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Open Image KSC-2012-4762
KSC-2012-4762 (08/30/2012) --- CAPE CANAVERAL, Fla. - The engines ignite under the United Launch Alliance Atlas V rocket at 4:05 a.m. EDT lifting NASA's Radiation Belt Storm Probes, or RBSP, off Space Launch Complex 41 on Cape Canaveral Air Force Station in Florida. RBSP will explore changes in Earth's space environment caused by the sun -- known as "space weather" -- that can disable satellites, create power-grid failures and disrupt GPS service. The mission also will provide data on the fundamental radiation and particle acceleration processes throughout the universe. For more information on RBSP, visit http://www.nasa.gov/rbsp. Photo credit: NASA/Kenny Allen

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Open Image KSC-2012-4761
KSC-2012-4761 (08/30/2012) --- CAPE CANAVERAL, Fla. - The engines ignite under the United Launch Alliance Atlas V rocket at 4:05 a.m. EDT lifting NASA's Radiation Belt Storm Probes, or RBSP, off Space Launch Complex 41 on Cape Canaveral Air Force Station in Florida. RBSP will explore changes in Earth's space environment caused by the sun -- known as "space weather" -- that can disable satellites, create power-grid failures and disrupt GPS service. The mission also will provide data on the fundamental radiation and particle acceleration processes throughout the universe. For more information on RBSP, visit http://www.nasa.gov/rbsp. Photo credit: NASA/Kenny Allen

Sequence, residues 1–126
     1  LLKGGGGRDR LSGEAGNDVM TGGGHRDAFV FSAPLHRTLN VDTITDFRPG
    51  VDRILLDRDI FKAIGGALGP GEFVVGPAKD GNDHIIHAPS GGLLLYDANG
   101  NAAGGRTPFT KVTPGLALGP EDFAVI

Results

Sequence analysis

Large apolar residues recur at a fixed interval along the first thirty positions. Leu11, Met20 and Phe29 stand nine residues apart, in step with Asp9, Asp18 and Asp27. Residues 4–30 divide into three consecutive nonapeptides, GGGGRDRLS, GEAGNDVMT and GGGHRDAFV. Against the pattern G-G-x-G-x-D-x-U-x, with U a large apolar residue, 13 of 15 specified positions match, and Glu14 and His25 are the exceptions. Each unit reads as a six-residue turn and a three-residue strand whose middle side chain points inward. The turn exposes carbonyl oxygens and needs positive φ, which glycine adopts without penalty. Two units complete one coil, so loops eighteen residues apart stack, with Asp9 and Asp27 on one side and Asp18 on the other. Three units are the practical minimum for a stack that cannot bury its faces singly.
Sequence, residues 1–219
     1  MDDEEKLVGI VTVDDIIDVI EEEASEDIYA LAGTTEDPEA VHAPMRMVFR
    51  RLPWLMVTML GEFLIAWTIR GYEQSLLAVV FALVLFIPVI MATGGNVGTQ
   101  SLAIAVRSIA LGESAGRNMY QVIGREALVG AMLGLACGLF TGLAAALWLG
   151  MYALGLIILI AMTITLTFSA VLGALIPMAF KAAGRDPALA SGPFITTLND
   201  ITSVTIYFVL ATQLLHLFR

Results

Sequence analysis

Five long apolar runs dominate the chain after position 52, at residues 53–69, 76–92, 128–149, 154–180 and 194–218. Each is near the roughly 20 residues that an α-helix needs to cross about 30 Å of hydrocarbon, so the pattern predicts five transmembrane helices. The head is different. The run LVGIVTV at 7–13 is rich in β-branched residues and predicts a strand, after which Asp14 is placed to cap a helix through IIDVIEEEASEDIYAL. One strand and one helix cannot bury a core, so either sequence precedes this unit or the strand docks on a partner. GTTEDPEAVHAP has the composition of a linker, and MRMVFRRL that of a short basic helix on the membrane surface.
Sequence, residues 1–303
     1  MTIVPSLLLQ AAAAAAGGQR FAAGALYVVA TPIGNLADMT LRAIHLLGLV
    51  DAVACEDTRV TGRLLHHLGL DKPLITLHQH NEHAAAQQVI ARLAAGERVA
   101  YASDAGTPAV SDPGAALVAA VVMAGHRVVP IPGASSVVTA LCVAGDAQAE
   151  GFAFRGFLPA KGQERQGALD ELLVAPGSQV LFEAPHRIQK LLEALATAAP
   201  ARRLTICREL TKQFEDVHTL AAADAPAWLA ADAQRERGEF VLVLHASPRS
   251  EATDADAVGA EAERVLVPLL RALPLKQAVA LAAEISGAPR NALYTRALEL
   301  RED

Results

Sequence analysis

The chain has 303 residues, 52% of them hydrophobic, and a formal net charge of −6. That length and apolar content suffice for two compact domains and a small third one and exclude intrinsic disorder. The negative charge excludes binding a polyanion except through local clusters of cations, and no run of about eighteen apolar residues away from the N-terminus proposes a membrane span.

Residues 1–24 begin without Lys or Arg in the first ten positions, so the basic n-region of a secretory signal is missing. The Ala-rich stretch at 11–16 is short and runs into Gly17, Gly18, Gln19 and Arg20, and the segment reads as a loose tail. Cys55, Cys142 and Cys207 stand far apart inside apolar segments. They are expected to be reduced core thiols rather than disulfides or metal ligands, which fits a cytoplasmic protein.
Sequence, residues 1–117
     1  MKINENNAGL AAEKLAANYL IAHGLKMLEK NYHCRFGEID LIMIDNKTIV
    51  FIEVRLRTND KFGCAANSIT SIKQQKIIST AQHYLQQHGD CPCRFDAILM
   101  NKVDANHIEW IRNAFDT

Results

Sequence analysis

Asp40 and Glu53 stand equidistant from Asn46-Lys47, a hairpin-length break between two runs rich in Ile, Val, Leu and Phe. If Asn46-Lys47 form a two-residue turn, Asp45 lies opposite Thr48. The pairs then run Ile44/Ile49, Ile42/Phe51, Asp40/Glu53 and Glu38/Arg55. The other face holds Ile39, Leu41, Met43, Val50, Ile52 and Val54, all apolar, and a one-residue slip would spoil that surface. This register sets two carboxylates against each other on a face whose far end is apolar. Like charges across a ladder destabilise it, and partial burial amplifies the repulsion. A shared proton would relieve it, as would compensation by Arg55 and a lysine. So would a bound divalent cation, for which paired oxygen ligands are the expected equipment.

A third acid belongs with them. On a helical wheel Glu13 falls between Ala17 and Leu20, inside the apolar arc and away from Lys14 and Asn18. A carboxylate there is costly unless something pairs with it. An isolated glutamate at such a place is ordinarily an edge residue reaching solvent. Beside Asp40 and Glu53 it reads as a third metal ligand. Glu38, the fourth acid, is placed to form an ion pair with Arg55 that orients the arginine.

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Open Image KSC-2012-4760
KSC-2012-4760 (08/30/2012) --- CAPE CANAVERAL, Fla. - The United Launch Alliance Atlas V rocket carrying NASA’s Radiation Belt Storm Probes, or RBSP, is a breath away from lifting off Space Launch Complex 41 on Cape Canaveral Air Force Station in Florida. RBSP will explore changes in Earth's space environment caused by the sun -- known as "space weather" -- that can disable satellites, create power-grid failures and disrupt GPS service. The mission also will provide data on the fundamental radiation and particle acceleration processes throughout the universe. For more information on RBSP, visit http://www.nasa.gov/rbsp. Photo credit: NASA/Kenny Allen

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Open Image KSC-2012-4759